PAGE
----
Jenny is undeniably forced into the role of the popular horror film trope, the survivor girl. This is the one girl in the group of usually swindling victims with sufficient common sense to outwit the serial killer at large. Jenny is resourceful but as an adult her dire predicament leads us into a potentially far more intense, deeply seated thematic core. This is one of my favorite themes, the reasonable person pushed beyond all semblance of rational behavior. Films such as ‘Straw Dogs’ and ‘Going Down’ are excellent examples of this demonstrating just how firm a grasp on how to execute this genre properly. At the point when Jenny is pushed to taking a life, not matter how solid the justification has been laid out she crosses over into a psychological state devoid of human reason frequently referred to as ‘Blood Simple’. When this condition consumes the mind a well-balanced woman like Jenny has her focus collapse into a dark red tunnel conducive to taking life.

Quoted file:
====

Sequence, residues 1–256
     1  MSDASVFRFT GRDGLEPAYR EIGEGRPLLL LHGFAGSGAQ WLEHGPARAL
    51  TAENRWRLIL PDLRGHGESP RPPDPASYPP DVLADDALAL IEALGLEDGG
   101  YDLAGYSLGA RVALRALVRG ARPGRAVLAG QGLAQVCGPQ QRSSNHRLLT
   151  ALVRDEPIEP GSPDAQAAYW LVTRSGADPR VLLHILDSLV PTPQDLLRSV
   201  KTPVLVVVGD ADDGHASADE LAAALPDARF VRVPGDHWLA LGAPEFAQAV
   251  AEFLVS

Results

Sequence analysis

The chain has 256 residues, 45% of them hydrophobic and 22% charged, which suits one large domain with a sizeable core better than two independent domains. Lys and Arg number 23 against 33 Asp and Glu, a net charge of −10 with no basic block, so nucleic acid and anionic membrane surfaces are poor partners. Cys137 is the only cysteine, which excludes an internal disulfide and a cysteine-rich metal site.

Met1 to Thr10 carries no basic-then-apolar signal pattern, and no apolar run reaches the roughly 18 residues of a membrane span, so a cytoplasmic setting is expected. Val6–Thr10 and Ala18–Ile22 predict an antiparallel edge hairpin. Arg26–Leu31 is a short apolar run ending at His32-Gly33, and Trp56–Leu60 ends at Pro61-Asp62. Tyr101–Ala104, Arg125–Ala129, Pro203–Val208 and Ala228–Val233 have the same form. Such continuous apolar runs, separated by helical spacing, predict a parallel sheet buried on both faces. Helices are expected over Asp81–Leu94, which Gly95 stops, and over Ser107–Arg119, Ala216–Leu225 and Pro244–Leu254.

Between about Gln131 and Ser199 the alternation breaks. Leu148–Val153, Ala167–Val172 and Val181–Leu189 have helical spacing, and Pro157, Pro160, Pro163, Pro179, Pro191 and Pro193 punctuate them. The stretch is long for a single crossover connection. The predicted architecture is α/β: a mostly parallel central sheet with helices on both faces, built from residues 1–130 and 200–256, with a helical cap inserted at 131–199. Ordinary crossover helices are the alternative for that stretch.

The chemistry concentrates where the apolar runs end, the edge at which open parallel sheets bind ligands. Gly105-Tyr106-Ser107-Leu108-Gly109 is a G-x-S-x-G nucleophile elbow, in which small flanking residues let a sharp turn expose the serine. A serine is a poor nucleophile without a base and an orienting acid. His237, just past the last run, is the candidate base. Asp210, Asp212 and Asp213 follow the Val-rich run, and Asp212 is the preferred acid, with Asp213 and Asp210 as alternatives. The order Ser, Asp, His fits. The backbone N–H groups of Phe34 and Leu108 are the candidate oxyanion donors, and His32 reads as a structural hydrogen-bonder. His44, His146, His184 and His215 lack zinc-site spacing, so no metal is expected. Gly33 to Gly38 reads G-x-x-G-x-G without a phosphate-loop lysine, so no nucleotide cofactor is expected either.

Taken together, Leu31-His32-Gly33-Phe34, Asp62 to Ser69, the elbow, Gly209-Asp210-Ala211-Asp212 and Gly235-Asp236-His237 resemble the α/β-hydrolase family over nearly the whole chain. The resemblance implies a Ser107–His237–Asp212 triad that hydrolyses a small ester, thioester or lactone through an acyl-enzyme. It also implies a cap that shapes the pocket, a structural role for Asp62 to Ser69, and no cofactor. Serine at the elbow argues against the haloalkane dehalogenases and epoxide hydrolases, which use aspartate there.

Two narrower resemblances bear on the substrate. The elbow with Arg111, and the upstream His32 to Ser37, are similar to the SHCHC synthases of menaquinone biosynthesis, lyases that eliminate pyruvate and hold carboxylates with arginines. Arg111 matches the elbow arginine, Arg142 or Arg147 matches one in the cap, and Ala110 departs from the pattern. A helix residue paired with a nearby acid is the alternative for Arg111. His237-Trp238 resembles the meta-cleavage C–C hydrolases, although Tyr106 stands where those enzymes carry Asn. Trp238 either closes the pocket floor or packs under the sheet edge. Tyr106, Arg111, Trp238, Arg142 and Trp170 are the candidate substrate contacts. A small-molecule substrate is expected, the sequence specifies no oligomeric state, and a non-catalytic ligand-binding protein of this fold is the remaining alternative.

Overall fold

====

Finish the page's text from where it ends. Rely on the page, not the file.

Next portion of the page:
The juxtaposition between Jack O'Connell as the gang leader and Kelly Reilly as the innocent permits this movie to transcend the mundane pack. Brett is a burgeoning psychopath just in his teen but already broken beyond repair. He is not the type that will become the lone serial killer racking up one kill after another. He has a predisposition to become a cult leader of a Manson like murderous family populated by followers easily subjugated to Brett’s sadistic will. This is plainly seen by the way he gets off more forcing others to torture and kill than he experiences by performing the actions himself. The contrast is infused in the story as we witness the steady erosion of Jenny’s moral center as she inexorably is overwhelmed by the blood simple mind set. There is ample justification for this and no one watching would ever think of holding Jenny legally or morally accountable for her actions; they were pure animalistic survival. The reasonable person was reduced below irrational behavior to instinctual survival. The end is not what you expect and demonstrates a boldness of Mr. Watkins as a screen writer perfectly complimenting his visually powerful directorial style. Not only watch this film, keep a close eye on this filmmaker’s career.